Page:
DHQ: Digital Humanities Quarterly
Volume 16 Number 1
2022 16.1  |  XMLPDFPrint

Investing in Project Maintenance: Auditing the Digital Transgender Archive


In this case study of the Digital Transgender Archive, www.digitaltransgenderarchive.net, the authors discuss the results of a yearlong audit of the project. While scholarship in the field has focused on both the startup and sustainability stages of DH project lifecycles, far less attention has been paid to fostering healthy project growth and self-evaluation during the maintenance stage. After discussing the motivations for our audit and the methods we employ, this article offers five key observations and summarizes our responses to them. Our hope is that other DH project teams will find that some of these observations are applicable to their work and will then benefit from the responses we developed.

Archival materials related to the experiences of transgender and gender-nonconforming people are often difficult to locate due to the relative scarcity of these materials and the access barriers presented by brick-and-mortar archives (e.g., geographic, financial, environmental, intellectual) [Page 2017] [Rawson 2009]. The global pandemic exacerbated such barriers, causing in-person research to be temporarily suspended and, as of this writing, continually disrupted. Digital access is therefore more important now than ever.
The Digital Transgender Archive (DTA) is a free online collection of trans-related primary source historical materials and information on undigitized archival collections held throughout the world. The goal of the project is to leverage an open-access digital archive to mitigate barriers to research on transgender and gender-nonconforming people. When the DTA moved institutions in mid-2020, we chose this natural lull to conduct the project’s first audit. Our aim was to thoroughly examine every aspect of the project to identify our strengths and areas for growth while charting a course for continued development and vibrancy into the future. In preparation for this audit, we searched for published models, examples, or theorizations of auditing a digital project, but we found little scholarship to guide our work. To contribute to this area, this article presents a project report that shares the findings of our yearlong audit of the DTA. We begin with an introduction to the DTA alongside a discussion of existing scholarship on Digital Humanities project lifecycles and evaluative procedures. We then highlight five key observations that the audit revealed and how we addressed (or plan to address) those observations. In using this observation/response structure, we offer readers the distilled results of our audit in a format that we hope will be easy to apply to other Digital Humanities (DH) projects.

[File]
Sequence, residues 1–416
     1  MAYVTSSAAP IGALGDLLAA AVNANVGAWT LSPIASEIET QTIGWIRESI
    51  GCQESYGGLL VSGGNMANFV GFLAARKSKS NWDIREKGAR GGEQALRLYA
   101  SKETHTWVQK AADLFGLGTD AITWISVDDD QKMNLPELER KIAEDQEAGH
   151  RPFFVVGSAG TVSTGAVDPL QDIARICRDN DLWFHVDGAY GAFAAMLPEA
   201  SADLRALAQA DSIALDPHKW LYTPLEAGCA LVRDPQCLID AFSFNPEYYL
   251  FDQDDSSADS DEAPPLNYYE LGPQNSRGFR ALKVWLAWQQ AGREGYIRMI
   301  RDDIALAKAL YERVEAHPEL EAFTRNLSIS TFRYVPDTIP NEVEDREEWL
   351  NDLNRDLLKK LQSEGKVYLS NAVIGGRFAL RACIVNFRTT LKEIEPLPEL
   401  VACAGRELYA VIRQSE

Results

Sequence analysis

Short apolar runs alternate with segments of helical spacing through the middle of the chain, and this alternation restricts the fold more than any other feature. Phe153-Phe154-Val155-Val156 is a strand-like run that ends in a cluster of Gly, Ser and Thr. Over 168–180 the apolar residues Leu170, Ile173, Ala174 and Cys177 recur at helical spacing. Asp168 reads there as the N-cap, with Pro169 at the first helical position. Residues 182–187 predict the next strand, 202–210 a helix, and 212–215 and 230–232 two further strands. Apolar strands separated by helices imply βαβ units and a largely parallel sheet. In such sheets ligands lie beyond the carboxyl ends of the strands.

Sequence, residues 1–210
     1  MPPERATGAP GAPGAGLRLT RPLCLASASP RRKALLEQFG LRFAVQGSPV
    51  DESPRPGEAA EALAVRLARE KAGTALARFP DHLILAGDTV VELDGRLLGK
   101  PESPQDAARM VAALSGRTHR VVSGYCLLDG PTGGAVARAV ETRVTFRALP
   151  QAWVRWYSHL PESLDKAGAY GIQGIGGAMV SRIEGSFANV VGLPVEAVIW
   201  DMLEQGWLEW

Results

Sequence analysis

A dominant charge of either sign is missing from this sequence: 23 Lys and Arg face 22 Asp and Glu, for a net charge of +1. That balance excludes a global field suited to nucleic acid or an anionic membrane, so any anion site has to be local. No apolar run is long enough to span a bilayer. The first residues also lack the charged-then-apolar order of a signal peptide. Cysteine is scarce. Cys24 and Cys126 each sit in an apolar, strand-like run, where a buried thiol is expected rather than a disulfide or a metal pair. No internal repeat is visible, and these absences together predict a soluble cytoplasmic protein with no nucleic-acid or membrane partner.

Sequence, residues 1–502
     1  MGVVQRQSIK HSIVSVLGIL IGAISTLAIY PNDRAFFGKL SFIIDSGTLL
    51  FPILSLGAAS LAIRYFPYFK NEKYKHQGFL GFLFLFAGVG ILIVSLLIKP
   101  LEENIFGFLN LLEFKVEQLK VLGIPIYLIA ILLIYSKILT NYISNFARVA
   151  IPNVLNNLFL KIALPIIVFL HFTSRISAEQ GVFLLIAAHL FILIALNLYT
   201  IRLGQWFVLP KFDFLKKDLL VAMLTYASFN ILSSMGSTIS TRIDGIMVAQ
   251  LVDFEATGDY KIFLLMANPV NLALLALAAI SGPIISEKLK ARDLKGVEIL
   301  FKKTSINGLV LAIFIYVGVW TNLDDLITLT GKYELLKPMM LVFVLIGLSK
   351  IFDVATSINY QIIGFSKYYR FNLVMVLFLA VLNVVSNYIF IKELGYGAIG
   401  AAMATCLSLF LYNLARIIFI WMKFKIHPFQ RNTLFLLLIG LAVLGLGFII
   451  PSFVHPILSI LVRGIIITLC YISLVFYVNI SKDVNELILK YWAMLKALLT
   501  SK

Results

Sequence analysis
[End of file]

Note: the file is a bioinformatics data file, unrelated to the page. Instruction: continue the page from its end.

DH projects generally move through fairly predictable cycles, often including startup, dissemination, maintenance, and sustainability (or abandonment) stages. Given that cultural and institutional pressures guide digital humanities scholars towards innovation [Maron and Pickle 2014], it is unsurprising that there is an abundance of scholarship, resources, and workshops designed to aid digital humanists at the planning and inception stages of a project’s life, leading some to suggest that DH scholars “specialize in imagining and launching digital projects” [Rockwell et al., 2014]. On the opposite end of the project lifecycle are well-known concerns about the problem of orphaned projects left to wither on the vine [Meneses and Furuta 2019] [Miller and Taylor-Poleskey 2020] [Smithies et al. 2019]. Projects have met more successful ends when transitioned into being preserved as digital archives [Carlin 2018]. Of course maintaining an ongoing project exists as an alternative to ending or abandoning projects. As an archive recording trans histories which remain ongoing and often inaccessible except through the DTA’s interventions, we are committed to maintaining and developing the DTA.
Like many DH projects, the startup phase of the DTA, from approximately 2013 to 2018, was a period of feverish growth. Following a model that will be familiar to readers, the DTA is a collaborative online aggregator of historical materials that are contributed by a range of cultural heritage institutions. Boosted by the support of a Digital Innovation grant from the American Council of Learned Societies, the DTA initially launched in January of 2016 while Rawson was a faculty member at the College of the Holy Cross. For the next several years, Rawson worked to build the collection with a dynamic team of undergraduate students and, when funding allowed, Digital Archivist Nicole Tantum. Software developer Steven Anderson, an external consultant funded through small internal grants, has also been key to our success as he is responsible for both the preliminary development and continued maintenance of the site. During this initial growth stage, we focused on deepening our collaborative networks and implementing a functional database that would have sufficient resources to attract researchers.